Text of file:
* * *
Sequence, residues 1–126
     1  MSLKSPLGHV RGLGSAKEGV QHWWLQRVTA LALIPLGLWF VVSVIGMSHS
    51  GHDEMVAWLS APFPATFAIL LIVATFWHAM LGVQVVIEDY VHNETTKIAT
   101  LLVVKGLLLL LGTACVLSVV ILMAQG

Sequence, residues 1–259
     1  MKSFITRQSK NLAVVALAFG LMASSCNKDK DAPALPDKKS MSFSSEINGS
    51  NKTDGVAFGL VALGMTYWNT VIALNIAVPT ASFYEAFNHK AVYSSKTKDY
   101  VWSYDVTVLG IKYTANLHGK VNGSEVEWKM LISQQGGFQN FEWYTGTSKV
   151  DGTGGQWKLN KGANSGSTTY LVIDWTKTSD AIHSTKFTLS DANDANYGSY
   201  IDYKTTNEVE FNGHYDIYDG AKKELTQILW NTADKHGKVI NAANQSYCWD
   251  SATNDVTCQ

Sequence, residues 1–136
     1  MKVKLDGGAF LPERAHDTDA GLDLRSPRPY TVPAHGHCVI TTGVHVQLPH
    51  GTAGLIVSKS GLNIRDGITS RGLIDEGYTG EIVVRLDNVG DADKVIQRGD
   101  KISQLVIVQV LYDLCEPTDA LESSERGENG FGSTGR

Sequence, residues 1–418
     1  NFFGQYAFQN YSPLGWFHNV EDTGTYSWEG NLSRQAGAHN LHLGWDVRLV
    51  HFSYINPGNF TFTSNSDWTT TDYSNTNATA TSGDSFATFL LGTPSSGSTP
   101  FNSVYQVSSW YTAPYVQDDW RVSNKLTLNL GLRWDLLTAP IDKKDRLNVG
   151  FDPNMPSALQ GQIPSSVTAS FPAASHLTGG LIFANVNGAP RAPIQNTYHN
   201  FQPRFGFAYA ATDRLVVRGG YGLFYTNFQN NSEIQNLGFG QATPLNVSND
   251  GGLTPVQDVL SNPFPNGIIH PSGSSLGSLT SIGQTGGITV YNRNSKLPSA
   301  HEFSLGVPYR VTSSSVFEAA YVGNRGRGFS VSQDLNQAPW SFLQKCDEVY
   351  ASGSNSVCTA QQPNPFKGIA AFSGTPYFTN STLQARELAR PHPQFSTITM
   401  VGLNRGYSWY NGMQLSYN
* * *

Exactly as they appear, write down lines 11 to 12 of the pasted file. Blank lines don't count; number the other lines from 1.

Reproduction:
   251  SATNDVTCQ

Sequence, residues 1–136